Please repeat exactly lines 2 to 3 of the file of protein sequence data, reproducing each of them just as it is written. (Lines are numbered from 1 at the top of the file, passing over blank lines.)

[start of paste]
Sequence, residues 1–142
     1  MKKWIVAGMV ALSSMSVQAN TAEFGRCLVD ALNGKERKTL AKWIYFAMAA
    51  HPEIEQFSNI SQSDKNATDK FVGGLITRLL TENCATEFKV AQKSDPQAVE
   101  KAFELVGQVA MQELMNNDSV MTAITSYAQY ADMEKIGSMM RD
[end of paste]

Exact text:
     1  MKKWIVAGMV ALSSMSVQAN TAEFGRCLVD ALNGKERKTL AKWIYFAMAA
    51  HPEIEQFSNI SQSDKNATDK FVGGLITRLL TENCATEFKV AQKSDPQAVE